Children’s Television Workshop Online is making its first foray into the 6- to 11-year-old online market with its Kid City community, launching today.
The ad-supported site, kidcity.org, features a main section, Sticker World, where kids can make their own pages decorated with electronic stickers. It also includes a polling mechanism called the “Hit or Dis Gadgetron” where they can vote on whether trends and issues are cool or “over” and “True but Strange” facts from CTW’s Kid City and Contact Kids magazines.
The site was constructed as an exclusive kids’ community. “We were not really interested in building a Web site for kids,” explained Tina Sharkey, group vice president and general manager of CTW Online. “Communities really start when you give people the tools to make their own stuff.”
For instance, Sticker World allows kids to create their own pages decorated with e-stickers from “zones,” including categories such as adventure, machines, pets, space, animals, food, nature, science and sports. Another zone, “Whaddaya say?” features symbols that contain commentary.
Kids earn points redeemable for new stickers by visiting other children’s pages and playing with the stickers, many of which are interactive or morph into games.
Sharkey said the site is safe for kids to peruse on their own because no one can actually type original messages.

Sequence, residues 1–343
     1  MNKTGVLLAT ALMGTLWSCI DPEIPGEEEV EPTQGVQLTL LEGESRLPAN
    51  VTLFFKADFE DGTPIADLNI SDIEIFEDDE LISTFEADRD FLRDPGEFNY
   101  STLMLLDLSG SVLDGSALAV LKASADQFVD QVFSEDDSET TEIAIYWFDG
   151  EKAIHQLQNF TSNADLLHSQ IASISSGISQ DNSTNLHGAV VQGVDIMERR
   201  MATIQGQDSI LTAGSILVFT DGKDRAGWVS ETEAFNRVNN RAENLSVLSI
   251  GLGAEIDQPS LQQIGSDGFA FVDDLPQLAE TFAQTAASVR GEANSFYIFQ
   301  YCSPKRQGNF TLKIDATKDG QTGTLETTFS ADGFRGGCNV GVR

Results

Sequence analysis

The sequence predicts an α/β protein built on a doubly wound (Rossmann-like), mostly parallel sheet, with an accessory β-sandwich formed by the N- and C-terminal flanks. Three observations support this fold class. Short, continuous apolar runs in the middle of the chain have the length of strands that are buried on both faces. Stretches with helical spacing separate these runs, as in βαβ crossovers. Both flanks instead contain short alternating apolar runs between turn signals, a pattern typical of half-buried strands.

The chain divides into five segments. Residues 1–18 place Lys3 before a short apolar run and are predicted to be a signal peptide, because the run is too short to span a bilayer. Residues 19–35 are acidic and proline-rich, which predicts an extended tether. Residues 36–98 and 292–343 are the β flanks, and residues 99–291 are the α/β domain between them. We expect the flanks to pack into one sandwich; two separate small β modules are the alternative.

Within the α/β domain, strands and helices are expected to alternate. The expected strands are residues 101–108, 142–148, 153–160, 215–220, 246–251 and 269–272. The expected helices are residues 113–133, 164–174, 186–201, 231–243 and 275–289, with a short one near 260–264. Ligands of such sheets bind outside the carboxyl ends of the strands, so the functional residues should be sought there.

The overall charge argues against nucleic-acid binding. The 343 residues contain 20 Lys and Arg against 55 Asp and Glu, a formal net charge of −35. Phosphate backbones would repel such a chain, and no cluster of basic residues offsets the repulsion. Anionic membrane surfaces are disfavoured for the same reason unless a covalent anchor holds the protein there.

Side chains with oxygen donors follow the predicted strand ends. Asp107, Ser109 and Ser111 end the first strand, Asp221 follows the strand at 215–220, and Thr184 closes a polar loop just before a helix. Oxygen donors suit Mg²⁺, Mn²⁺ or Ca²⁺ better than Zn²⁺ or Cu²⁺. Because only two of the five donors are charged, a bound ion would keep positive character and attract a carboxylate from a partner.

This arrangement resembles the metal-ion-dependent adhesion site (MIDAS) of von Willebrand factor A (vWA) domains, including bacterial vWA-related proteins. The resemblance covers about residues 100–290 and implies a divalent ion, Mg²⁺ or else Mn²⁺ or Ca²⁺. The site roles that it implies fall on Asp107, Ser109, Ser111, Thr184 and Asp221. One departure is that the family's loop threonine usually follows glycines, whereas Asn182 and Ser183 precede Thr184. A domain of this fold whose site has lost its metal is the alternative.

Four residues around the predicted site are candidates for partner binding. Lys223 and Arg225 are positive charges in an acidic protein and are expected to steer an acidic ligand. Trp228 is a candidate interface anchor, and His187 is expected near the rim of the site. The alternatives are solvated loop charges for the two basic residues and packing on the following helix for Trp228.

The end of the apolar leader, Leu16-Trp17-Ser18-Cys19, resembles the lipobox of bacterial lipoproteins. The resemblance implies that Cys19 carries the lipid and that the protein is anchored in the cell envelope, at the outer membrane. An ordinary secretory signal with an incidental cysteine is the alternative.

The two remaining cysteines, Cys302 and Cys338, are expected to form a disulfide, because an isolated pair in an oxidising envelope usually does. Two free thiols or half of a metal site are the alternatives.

“We didn’t want to go beyond what we felt was safe and secure,” she said, adding, “Kids are using the keyboard, but using the keyboard with a lot of prefabricated messages. They can’t type their own stuff.”
The site is ad supported, though banners are clearly marked “this is an ad.” Advertisers at the launch include Nintendo, SmarterKids.com, Hewlett-Packard and eToys. Sharkey said the zones also will incorporate sponsorships.
Users will be able to link to Kid City from the main CTW Family Workshop page or through the CTW section on America Online.
Sharkey said the site is both entertaining and educational as it incorporates trading and collecting with the leveling structure of video games, where there are no winners or losers. But, she added, “It also gives [kids] a way to make their mark and put themselves on the Net.”
Plus, she said, the site ties in with CTW’s multimedia vision. “[It’s] the relationship of the television to keyboard. That’s our whole reason for being.”
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